“I don’t think I ever had a single shift where at least one of the patients I was taking care of was in that hospital bed at least partially due to their use of alcohol.” —Lanny Swerdlow, RN.
Lanny Swerdlow asked in an email if “Dr. Mikuriya tried to get the study (Cannabis as a Substitute for Alcohol, which had run in O’Shaughnessy’s) published in a peer-reviewed journal and got turned down?”
Our off-the-top response is hereby corrected and expanded. Thanks to Jerry Mandel, Ethan Russo, MD, and Shobhit Arora, MD, for their input.
Tod had written a case report, published* in 1970 by Medical Times, about a 43-year-old woman who had been getting drunk to overcome disinhibition in social situations —until she discovered that marijuana produced the desired effect and began using it to cut back on booze. This paper was the first published statement of Tod’s “cannabis-vs-ETOH” theory. By the end of the ’90s he had taken histories from about 100 patients who had stopped drinking or cut back by using cannabis. He was planning to aggregate their reports for a paper that would run in the soon-to-be launched journal of the California Cannabis Research Medical Group (now the SCC).
Tod was fed up with the psychiatric establishment and the Addiction Specialists, understood the ravages of alcoholism, and urgently wanted to share his substitution strategy with colleagues, patients, and the public. The launch of the CCRMG journal was delayed when I went to work for Terence Hallinan at SFDA in 2000. Tod hired a research associate, Jerry Mandel, to pull the relevant alcoholism cases from his files so patients could be contacted. When we finally launched the CCRMG journal (O’Shaughnessy’s) in the summer of 2003, “Cannabis as a Substitute for Alcohol” was the lead paper.
Ethan Russo had launched the Journal of Cannabis Therapeutics in 2001. Tod was gratified when asked to be on the editorial advisory board. He submitted “Cannabis as a Substitute for Alcohol” for publication in JCANT and Russo had the good sense to accept a paper based on clinical evidence (and that had appeared in a tabloid). JCANT published it in the spring of 2004 (Volume 4, number 1, the final issue). Russo’s excellent journal was ahead of its time, as noted in this Requiem for JCANT.
* To “publish,” in the jargon of academics and professionals, doesn’t mean getting an article written, illustrated, laid out, printed and distributed to readers. It means getting approved by the clique of decision-makers whose journals constitute “the literature” in a given field of science or medicine. (Honest scientists may abound to fill the literature with useful findings, accurately reported. But it’s damned arrogant of the academics to appropriate the words publish and literature, as if they owned the language itself.)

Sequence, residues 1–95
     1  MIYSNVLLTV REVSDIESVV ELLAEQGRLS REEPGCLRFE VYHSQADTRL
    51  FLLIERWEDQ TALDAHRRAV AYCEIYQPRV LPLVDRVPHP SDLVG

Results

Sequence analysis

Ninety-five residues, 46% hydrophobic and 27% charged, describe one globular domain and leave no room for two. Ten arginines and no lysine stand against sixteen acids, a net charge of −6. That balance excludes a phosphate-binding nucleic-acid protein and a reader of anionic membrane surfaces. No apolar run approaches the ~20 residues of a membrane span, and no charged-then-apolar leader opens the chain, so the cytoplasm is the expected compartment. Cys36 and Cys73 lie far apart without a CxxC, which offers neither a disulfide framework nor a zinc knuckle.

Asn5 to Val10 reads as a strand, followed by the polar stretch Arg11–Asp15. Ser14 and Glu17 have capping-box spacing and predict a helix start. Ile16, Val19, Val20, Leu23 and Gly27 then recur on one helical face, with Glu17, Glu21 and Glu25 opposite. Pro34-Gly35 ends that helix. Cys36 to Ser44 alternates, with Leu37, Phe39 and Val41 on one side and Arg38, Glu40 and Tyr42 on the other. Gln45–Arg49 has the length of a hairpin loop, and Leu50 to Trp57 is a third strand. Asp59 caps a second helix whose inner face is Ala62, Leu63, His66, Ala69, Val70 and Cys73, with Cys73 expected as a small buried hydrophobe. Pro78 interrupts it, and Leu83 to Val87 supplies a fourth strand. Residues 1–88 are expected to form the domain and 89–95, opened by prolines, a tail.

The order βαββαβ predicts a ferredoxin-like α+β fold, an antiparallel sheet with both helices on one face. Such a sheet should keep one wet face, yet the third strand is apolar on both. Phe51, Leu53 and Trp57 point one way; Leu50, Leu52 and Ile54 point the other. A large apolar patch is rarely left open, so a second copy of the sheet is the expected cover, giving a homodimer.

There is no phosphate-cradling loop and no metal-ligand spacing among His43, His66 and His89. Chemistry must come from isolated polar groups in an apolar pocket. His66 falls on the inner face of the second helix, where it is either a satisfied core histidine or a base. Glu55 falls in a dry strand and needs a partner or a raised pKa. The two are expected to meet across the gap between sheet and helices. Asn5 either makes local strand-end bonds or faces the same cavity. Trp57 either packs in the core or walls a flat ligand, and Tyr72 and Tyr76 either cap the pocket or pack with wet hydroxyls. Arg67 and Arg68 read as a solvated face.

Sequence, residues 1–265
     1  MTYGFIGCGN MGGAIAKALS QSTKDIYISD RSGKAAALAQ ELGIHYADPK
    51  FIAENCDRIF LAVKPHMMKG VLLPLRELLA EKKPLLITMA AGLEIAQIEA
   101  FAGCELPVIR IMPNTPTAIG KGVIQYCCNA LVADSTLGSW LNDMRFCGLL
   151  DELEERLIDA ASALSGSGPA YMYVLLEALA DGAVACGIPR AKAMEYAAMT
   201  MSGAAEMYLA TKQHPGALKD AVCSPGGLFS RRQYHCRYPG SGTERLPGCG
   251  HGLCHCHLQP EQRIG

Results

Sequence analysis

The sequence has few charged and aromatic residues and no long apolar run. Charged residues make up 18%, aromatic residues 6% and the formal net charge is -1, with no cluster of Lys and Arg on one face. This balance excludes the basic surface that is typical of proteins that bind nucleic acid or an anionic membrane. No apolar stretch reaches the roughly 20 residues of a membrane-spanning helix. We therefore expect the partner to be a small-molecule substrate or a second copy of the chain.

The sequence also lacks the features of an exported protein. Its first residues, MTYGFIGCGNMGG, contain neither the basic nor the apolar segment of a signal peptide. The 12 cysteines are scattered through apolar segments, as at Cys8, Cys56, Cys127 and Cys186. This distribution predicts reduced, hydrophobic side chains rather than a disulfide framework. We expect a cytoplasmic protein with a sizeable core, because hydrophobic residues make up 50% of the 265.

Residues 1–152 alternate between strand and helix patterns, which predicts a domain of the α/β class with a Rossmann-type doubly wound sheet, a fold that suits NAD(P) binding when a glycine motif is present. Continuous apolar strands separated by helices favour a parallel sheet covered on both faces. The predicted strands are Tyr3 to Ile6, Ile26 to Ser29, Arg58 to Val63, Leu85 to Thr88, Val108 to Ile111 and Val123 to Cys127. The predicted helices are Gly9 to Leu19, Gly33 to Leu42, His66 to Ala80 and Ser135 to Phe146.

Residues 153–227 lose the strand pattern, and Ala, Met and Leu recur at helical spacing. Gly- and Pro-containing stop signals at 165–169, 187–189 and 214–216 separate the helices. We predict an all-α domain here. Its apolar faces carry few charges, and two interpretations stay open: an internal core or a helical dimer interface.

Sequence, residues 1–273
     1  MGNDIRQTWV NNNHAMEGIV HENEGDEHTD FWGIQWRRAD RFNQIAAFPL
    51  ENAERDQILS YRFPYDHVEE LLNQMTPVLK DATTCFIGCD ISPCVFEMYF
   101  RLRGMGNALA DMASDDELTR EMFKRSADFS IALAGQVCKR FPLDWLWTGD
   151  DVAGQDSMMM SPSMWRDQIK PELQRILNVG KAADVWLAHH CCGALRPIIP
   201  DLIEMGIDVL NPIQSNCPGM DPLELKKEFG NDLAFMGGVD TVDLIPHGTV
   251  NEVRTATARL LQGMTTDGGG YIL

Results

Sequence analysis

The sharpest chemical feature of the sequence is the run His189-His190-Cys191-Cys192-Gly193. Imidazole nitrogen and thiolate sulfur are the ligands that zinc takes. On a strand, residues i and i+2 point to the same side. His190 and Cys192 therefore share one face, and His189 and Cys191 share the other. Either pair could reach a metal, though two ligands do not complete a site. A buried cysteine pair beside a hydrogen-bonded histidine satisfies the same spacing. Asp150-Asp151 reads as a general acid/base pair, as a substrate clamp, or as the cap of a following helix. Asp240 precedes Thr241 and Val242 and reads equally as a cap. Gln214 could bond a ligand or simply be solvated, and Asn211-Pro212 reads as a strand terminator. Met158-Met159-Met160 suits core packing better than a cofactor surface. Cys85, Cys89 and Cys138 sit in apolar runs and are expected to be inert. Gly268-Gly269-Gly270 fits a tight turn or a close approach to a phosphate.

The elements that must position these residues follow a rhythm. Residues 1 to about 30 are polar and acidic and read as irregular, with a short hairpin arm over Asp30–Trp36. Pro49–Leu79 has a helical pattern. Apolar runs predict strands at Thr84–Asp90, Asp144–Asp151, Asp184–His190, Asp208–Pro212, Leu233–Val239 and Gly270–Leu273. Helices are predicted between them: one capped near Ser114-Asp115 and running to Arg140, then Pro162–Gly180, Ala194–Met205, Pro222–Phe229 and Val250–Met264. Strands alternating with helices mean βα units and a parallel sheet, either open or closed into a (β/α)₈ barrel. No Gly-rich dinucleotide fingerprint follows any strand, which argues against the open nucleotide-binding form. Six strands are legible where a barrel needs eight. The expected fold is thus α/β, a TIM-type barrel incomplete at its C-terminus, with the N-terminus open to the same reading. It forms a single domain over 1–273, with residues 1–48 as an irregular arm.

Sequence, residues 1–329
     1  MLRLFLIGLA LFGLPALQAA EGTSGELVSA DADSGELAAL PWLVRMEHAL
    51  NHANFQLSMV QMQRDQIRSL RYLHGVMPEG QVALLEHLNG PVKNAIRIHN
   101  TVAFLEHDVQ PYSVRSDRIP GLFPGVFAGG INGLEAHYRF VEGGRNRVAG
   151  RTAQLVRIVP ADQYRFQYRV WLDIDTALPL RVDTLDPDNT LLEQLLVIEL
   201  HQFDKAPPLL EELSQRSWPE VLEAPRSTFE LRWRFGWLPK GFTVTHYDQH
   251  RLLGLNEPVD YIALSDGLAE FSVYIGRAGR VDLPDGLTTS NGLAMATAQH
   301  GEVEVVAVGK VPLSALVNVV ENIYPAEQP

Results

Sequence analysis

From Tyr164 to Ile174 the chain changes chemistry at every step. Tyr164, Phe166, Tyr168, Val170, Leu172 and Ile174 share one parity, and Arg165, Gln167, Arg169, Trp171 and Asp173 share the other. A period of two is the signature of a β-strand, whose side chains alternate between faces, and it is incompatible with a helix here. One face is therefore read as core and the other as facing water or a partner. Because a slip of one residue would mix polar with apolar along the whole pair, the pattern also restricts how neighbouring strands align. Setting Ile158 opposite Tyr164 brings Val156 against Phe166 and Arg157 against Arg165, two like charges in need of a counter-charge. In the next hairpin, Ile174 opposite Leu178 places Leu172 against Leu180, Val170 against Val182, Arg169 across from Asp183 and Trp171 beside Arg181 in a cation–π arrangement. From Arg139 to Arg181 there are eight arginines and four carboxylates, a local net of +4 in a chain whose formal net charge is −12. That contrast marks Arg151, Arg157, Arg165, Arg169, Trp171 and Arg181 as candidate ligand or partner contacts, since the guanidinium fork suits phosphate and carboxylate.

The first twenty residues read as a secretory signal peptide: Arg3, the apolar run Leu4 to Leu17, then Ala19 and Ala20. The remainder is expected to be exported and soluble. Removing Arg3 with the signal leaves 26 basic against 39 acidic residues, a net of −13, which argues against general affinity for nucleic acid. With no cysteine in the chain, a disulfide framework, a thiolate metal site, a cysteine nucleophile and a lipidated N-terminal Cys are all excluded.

It’s hard to imagine anything more accurate and insightful than Mikuriya’s “Cannabis as a Substitute for Alcohol” being written on the subject. The word is way overused, but it really is a landmark paper.
When Tod quit the Addiction Medicine societies, O’S published his letter(s) of resignation.
Cancel My Denial
To: California Society of Addiction Medicine 74 New Montgomery Street, Suite 230 San Francisco, CA 94105
American Society of Addiction Medicine 4601 North Park Avenue Suite 101 Chevy Chase, MD 20815
As I contemplated whether or not to renew this year with the not unsubstantial dues, I asked myself “Why should I?” Over the years since I joined the organization I have tried to raise the possibility of a harm-reduction option for the treatment of alcoholism. Notwithstanding my repeated and persistent entreaties, I have been repeatedly denied any opportunity for a collegial and professional forum. I have even offered to make my patients available for questioning and review. Nothing. Lame excuses -not ready yet.
Forays into spiritualism with self-styled practitioners responding to the “spiritual needs” of addicts was particularly disturbing. Somehow I don’t remember any training in medical school in theological studies. The blurring of boundaries and confusion of identity diminishes, attenuates medical leadership, and reduces professional credibility to cultism. Medical Review Officers conducting forensic examinations are not engaged in a medical activity. Endorsing their enforcement of corporate authority diminishes medical leadership and reduces ASAM/CSAM to shills and trough feeders. The societies support the federal government’s irrational drug-war policy while prominent addiction specialists seek to maximize their share of court referrals.
I officially give up on ASAM/CSAM and any possibility of a magical ethical transformation. I have been denied the opportunity to present a viable, effective, and medically appropriate intervention: cannabis as a substitute for alcohol and other addictive substances. Retrospectively, I wonder why I waited so long to quit. I can no longer maintain my wishful thinking that somehow ASAM/CSAM could be fair, objective, professionally and medically correct.
I shall not be renewing my membership.
Tod H. Mikuriya, M.D.
Member since 1974 Certified by ASAM 1986 MRO Certified by ASAM 1992